Tag Archives: world

History For All

roman colliseum

How Earth Made Us is a documentary series produced by the BBC.  Like many BBC programs, the cinematography is spectacular.  But, perhaps more interesting, is the approach the program takes to history.  Instead of only examining human interactions, the program focuses on how natural forces such as geology, geography, and climate have shaped history.  And, the whole series is available on YouTube.

In the first episode, Water, host Iain Stewart explores the effects that extreme conditions have had on human development.  He visits the Sahara Desert, which receives less than a centimeter of rainfall each year, and Tonlé Sap, which swells to become the largest freshwater lake in southeast Asia during monsoon season.  The contrast is striking.  One interesting factoid is that the world’s reservoirs now hold 10,000 cubic kilometers of water (2400 cubic miles).  Because most of these reservoirs are in the northern hemisphere, they have actually affected the earth’s rotation very slightly.

The second episode, Deep Earth, begins in a stunning crystal cave in Mexico, in which crystals have grown to several meters long.  The cave, which is five kilometers below the earth’s surface, was discovered by accident when miners broke into it.  I can’t imagine what they thought when they first set foot inside.

The third episode, Wind, explores the tradewinds which spread trade and colonization, which lead to the beginning of globalization.  This brought fortune to some who exploited resources and tragedy to others who were enslaved.  The view from the doorway through which thousands of Africans passed on their way to the Americas is a chilling reminder of this period of history.

Fire, the fourth episode, moves from cultures that held the flame as sacred, to the role of carbon in everything from plants to diamonds to flames.  And carbon is also the basis of petroleum, which has powered the growth of humankind.  Several methods of extracting crude oil around the world are explored.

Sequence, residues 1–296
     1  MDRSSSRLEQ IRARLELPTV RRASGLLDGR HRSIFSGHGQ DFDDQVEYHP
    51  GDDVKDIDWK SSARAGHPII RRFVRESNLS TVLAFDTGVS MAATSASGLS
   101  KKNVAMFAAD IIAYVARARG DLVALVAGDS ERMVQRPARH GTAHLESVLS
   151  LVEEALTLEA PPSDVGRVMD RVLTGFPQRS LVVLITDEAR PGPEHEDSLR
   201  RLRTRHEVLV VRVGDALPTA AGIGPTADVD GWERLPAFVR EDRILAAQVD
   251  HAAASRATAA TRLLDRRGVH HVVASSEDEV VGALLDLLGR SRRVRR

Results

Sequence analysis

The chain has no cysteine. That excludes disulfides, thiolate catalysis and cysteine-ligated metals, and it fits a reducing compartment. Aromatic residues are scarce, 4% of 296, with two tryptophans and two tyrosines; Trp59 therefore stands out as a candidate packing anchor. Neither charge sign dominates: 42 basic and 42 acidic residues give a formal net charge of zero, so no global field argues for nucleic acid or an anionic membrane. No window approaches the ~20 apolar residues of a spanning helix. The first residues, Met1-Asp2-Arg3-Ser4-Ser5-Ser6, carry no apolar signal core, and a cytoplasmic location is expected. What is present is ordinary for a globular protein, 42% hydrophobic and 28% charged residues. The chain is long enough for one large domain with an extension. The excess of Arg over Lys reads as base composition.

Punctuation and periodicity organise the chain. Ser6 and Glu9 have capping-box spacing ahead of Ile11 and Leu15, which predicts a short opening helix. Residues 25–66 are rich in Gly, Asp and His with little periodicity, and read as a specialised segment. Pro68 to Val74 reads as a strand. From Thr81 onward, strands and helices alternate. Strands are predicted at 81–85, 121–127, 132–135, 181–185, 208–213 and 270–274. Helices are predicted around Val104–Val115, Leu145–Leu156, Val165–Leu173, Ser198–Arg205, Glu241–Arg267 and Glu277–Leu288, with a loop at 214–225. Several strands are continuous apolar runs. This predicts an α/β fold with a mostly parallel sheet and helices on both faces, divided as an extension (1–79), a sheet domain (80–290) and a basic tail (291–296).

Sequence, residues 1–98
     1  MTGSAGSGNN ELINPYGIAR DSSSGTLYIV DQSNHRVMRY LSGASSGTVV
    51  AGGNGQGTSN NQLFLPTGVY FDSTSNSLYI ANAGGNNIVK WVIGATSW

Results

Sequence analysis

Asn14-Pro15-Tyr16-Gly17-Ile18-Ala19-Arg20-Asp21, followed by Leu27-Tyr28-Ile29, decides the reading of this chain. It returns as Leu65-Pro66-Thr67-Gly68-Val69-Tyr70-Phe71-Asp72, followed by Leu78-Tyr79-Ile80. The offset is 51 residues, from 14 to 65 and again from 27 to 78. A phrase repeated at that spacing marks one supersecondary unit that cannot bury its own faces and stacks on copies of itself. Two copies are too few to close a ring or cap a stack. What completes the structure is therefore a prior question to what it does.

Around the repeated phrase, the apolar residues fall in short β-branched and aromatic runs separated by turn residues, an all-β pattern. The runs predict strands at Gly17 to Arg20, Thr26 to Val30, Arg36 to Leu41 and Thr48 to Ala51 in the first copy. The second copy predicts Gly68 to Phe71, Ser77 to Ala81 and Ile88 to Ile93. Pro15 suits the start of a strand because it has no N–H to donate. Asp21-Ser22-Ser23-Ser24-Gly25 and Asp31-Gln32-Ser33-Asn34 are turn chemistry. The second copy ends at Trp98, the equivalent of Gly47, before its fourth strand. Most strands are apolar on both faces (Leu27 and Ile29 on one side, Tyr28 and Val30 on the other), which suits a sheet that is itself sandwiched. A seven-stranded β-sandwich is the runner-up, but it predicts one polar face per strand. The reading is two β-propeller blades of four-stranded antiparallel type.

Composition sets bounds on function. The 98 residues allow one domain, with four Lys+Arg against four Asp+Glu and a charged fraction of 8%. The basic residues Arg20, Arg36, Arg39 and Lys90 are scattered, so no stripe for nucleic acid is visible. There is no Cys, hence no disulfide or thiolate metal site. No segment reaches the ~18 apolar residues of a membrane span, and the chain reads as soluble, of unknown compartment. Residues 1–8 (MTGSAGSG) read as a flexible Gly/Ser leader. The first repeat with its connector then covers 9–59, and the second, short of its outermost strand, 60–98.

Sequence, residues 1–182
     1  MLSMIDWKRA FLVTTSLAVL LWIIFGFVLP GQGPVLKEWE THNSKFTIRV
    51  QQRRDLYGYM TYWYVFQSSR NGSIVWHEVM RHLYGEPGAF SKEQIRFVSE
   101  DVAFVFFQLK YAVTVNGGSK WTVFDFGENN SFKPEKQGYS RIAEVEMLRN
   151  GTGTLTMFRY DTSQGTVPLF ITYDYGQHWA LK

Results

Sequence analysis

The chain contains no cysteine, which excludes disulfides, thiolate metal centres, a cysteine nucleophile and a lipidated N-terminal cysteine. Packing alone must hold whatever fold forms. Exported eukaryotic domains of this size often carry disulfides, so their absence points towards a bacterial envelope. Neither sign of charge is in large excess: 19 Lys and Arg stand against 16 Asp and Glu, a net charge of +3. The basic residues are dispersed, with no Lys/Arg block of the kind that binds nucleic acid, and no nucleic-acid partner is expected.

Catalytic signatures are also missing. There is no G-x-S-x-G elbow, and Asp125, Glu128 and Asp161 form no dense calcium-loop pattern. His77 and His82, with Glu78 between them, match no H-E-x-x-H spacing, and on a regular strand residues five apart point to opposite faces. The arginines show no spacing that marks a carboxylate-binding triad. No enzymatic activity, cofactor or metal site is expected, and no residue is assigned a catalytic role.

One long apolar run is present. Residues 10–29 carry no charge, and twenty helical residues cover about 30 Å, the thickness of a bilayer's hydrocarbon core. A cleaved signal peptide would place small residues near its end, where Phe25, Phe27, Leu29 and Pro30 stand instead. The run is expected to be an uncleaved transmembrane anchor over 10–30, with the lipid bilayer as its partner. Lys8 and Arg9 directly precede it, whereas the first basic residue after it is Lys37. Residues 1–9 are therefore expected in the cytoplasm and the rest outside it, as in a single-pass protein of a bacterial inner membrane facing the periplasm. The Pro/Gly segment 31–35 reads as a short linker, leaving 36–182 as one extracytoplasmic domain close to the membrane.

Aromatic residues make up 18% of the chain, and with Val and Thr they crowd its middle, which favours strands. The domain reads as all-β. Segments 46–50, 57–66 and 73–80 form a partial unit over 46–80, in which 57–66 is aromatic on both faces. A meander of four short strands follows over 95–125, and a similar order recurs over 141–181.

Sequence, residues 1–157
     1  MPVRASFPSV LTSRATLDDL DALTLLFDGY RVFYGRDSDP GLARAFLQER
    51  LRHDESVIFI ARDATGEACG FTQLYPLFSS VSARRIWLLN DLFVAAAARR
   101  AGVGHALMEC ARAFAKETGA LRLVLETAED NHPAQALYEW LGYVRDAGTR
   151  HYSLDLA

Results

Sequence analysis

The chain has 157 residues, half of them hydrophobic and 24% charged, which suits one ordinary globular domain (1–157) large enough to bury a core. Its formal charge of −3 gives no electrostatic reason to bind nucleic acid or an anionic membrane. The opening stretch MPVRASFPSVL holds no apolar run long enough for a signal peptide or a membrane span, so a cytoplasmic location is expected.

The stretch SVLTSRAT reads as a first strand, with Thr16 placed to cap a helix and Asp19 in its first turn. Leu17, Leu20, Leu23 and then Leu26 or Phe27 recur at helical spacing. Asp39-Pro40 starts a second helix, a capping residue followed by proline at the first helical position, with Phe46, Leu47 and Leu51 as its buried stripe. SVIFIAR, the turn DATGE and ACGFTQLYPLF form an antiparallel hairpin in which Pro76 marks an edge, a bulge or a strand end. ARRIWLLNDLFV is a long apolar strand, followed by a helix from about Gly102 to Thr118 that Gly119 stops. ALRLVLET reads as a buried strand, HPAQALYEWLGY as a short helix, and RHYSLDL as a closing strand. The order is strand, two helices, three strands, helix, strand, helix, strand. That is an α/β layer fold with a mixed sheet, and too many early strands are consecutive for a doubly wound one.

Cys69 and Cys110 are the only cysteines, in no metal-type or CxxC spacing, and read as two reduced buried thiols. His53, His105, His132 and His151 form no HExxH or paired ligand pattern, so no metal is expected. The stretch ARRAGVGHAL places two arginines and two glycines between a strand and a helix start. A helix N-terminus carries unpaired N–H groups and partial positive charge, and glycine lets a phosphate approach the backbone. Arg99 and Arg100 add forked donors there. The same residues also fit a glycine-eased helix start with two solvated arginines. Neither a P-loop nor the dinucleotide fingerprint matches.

The final episode, Human Planet, turns the equation around tying the first four episodes together by looking at how humans have had an impact on the earth. One of the most compelling examples is the Great Pacific Garbage Patch which is the result of ocean currents bringing plastic and other debris from countries around the Pacific rim.  This garbage collects, is broken down by the sun, and eventually settles to the bottom to become part of the earth’s crust.  This is juxtaposed to rock strata in the Grand Canyon, pointing out that eventually, one layer of rock under the garbage patch in the Pacific will be made up of this debris.

In all, there is almost 5 hours of documentary video here.  It is a compelling production with spectacular imagery.  There are any number of ways to use these videos with an ESL class.  And because they are available on YouTube, there are even more options available to an ESL instructor.  Instead of everyone watching together in the classroom, the videos can be posted in an online content management system and students can watch them anywhere, anytime on their laptops and smartphones, if they have access to that kind of technology.  And if the videos are being watched outside of the classroom, there are more options for assigning different groups of students to watch different videos and then have conversations with students who watched different episodes.  The ubiquity of online video can bring learning to students outside of the classroom.

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Where it’s @

ear sculpture

The @ symbol has become so common in electronic communication that we don’t even notice it anymore.  But a few short years ago, before Twitter and before email, this was a little-used symbol stuck above the 2 on your favorite typewriter (yes, that many years ago).

Since email began spreading around the world, many countries have put their come up with many names for what is commonly called the at symbol in English.

In Bosnian, it’s the crazy a.  In Hebrew, it’s strudel (yum!).  Many people see animals, leading to names like elephant’s trunk (Danish), spider monkey (German), snail (Italian), and dog (Russian).  It is also called ear in Ukrainian.

Wikipedia has a more complete list.  This could make for an interesting icebreaker discussion in an appropriately diverse ESL class.  But be warned that more and more languages are being overtaken of the English pronunciation of at or literal translations of the word.  Pretty soon, it may just be at for all of us.

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Second Life Pilot

Students interacting in Second Life.Students interacting in Second Life.
Students interacting in Second Life.
Students interacting in Second Life.
Students interacting in Second Life.
Students interacting in Second Life.

Students interacting in Second Life.

Another project I’m working on is using Second Life (SL) for teaching ESL. I’m participating in a pilot project here at Ohio State to look at how SL can be used in teaching. Today was the first time I had three brave students working together in this virtual world. Initial reactions were very positive — we’re meeting again on Monday! If all goes well, I will teach an elective class for four weeks this fall. Click to enlarge the pictures.

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